• Ensure the proper frequency.

    I often read articles by media pros that recommend a three-time minimum frequency for a campaign. I’ll argue here that this is far below the required “burn rate” of a message against a targeted audience. In addition, it’s irresponsible to even suggest a “normal” frequency target, as all product purchase cycles are different.

    Recently a large bedding client of mine was airing its commercials with a frequency of three times per calendar month in a TV campaign that was designed by its old ad agency.

    After I did my due diligence on the targeted mattress buyer, I reported that the bedding purchase was made only once every seven years and that the bulk of bedding purchases were made over just a three-day period each week. That created a very short buying window of 72 hours for bedding buyers to see, understand and be motivated by the commercial and then locate a store.

    That’s asking a lot for a campaign that was averaging less than one-time frequency per week. We quickly redesigned the TV campaign and created sales increases in the low double digits with the same net client budget, thereby increasing profitability (our chosen success metric).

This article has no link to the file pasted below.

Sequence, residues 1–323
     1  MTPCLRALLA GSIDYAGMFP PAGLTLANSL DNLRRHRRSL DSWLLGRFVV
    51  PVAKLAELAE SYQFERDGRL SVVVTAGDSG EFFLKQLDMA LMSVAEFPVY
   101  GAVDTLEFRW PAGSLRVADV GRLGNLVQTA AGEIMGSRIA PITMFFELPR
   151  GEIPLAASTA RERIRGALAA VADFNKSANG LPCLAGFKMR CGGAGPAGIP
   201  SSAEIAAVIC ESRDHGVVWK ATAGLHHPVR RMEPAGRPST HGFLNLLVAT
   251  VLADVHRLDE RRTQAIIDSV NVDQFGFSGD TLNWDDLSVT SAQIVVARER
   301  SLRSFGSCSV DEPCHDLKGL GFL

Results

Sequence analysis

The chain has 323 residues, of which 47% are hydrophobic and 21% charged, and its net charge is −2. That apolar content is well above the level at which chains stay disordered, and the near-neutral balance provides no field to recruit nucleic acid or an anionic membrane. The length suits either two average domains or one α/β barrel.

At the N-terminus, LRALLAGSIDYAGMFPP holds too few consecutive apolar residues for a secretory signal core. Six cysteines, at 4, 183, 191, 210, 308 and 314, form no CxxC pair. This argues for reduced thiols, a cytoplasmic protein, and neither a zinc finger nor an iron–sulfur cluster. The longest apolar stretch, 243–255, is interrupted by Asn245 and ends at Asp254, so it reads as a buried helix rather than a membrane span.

By the way, all consumer products have a unique buying window and the figures are very predictable. This helps you to focus a campaign on the key buying days of the customer. This in itself artificially increases the experienced frequency of the client’s message.

  • Create effective results, not creative advertising.

    Funny ads are great for the nationals that have the money to burn and have so many corporate initiatives that no one is really paying attention to the ad campaign results anyway. But for the local and regional clients who are giving up real profit dollars directly from their business/personal profit statements, it’s real cash and they can’t afford to spend 90 percent of their TV message amusing potential customers.

    I suggest a ratio of three parts selling to one part entertainment in a TV commercial script. The trash cans of the retail industry are lined with terribly funny TV ads that had that exact same effect on sales: terrible. Get regional clients to motivate a purchase decision for their product and leave the entertaining commercials to the beer companies.

  • Finally, keep the TV campaign creative simple. As one of my favorite clients likes to say: “Hey, my TV ads have to compete with the crying baby, the ringing cellphone, the snoring grandparent and the barking dog, all in the living room with the TV. I keep my ads simple so they get it!”

    Just like the old Wendy’s TV ad.

    Adam Armbruster is a partner in the retail and broadcasting consulting firm Eckstein, Summers and Co. in Red Bank, N.J.